Dealing with Discouragement (and other Un-Divalike Behavior)

Nearly a month has passed since I said deuces to the nine-to-five world and zipped into this new dimension as a full-time author. Much has happened, most of it good. I published my debut collection of short stories Escape from Beckyville: Tales of Race, Hair and Rage and sales are coming in every day. My book is now being carried in five stores in Los Angeles. I’m doing a reading later this month at Inspir8tion Studios in Leimert Park, and I’m adding new venues to the route for my 40 Day and 40 Night Escape from Beckyville cross-country tour. My mother, Lola, is in town and has graciously agreed to be my travel companion for this 6,000-plus mile journey. I launched a website, had T-shirts designed and created a video to get the word out about the book. I joined a community of women writers and am meeting interesting people each day who are on similar journeys.

So why do I feel like I’m rocking a red cape with a big L for Loser emblazoned on my chest?

Before I even tendered my resignation notice, I knew I was making a major decision that would not translate to a success-only journey. I felt such an urgency to tell these stories that I was more than willing to get my hustle on every day, and I love hitting the pavement spreading the word about my book and my mission. Such is the life of an indie writer. You’re driven by passion not profit … well, maybe a mixture of both, to keep it real. A sista has to eat.

In spite of these accomplishments, I awoke yesterday with threads of doubt coiled in my stomach. Even as I reviewed the list of daily goals that I had written the previous night, it seemed as if I was play-acting, a little girl sitting at her mother’s desk pretending to do “grown-up” things. The cross-country tour that I had been planning with such gusto exhausted me, seemed too lofty an idea, even silly. What if no one showed up at my readings? Or worse, what if they showed up and laughed at me or thought my work was trite? I felt a pinprick of grief for leaving my job. I slogged through the day trying to reclaim my mojo, but feelings of worthlessness ate at my dysfunctional diva armor. Normally, I rise around 5:45 in the a.m. and try to work at least twelve hours, but I sat down in front of my laptop with a bag of Uncle Eddie’s vegan cookies around 5:00 p.m., feeling defeated, and surfed the net for hours before falling into bed around 9:00, fully clothed.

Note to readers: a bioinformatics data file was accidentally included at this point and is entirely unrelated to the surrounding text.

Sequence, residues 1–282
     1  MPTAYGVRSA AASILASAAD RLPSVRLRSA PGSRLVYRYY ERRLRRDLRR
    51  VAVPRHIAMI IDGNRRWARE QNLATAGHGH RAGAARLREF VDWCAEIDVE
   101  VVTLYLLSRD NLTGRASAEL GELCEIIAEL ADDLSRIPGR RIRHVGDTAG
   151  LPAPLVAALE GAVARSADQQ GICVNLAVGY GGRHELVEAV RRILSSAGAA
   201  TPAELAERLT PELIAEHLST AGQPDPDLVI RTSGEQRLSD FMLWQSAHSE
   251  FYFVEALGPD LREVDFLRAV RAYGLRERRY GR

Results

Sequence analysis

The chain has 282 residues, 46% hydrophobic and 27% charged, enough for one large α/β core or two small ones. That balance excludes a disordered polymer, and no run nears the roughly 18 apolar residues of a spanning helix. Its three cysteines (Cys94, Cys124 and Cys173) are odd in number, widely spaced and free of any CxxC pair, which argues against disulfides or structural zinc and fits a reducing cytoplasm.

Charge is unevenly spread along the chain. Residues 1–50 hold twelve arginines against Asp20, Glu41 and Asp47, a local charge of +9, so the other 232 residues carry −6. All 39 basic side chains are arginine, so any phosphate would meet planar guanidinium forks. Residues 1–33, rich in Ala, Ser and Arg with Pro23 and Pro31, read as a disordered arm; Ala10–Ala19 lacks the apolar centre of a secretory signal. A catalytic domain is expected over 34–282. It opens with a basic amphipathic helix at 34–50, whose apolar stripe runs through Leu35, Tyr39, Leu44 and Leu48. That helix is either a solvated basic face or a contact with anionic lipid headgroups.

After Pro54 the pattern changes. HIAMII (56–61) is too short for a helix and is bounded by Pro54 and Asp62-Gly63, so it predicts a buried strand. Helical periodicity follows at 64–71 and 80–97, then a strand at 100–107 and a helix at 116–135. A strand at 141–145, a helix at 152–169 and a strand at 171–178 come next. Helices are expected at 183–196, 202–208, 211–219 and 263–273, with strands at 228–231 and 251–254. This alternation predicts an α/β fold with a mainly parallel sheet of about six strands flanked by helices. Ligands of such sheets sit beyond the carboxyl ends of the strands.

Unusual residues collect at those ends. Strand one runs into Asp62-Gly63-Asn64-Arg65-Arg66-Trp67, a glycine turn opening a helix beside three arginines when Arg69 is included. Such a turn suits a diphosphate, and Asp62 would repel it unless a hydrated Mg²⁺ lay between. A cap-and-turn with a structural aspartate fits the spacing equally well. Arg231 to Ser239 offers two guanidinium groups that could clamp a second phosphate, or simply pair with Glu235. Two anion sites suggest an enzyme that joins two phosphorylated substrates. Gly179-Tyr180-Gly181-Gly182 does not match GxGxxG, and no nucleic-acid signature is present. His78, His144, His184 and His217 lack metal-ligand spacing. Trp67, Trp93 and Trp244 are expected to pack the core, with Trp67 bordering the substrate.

I don’t know why I felt so discouraged. Yes, I do, but I’m ashamed to admit it. I blame Twitter! The microblogging site is where I spend a large part of my time, networking and name-dropping Beckyville. My Twitter timeline is a microcosm of the competition I’m going to encounter out there in the real world. I worry if I’ll be successful because I’m not snarky enough, I’m not political enough, I’m not controversial enough, and I’m not popular enough. In short, I don’t have enough followers. But I can only be me. I’ve written a collection of short stories about black women in a futuristic Los Angeles, and I can’t be swayed by public opinion (or lack thereof). These are tales of black women with agency in a dysfunctional diva dystopia. We don’t always emerge as victors, but we emerge.

When I awakened this morning, still clad in a wrinkled blouse and skirt, worry no longer enshrouded me. This is not the part where a divine finger taps me on the shoulder to remind me that my life has meaning and purpose and my book will be a best-seller. Or maybe it is. All I know is that I’m on a mission, and I’m determined to fight for what I believe in. In spite of the obstacles that many indie authors face, I’m learning to buck up, to replace the L on my chest with a W for winning.

As I reflect on my journey, I’m reminded of this quote by Brazilian novelist Paulo Coelho: “Pitiful is the person who is afraid of taking risks. Perhaps this person will never be disappointed or disillusioned; perhaps she won’t suffer the way people do when they have a dream to follow. But when the person looks back, she will hear her heart.”

Every day that I pursue my passion, I’m hearing my heart. As Coelho so rightly notes, there will be suffering. There will be days clouded by discouragement, but I have to shake off the blues and keep it moving because I believe in the beauty of my dreams (thank you, Eleanor Roosevelt.) In spite of what my timeline says, in spite of the folks who add me or follow me or retweet me, I will always be a #writeronamission.

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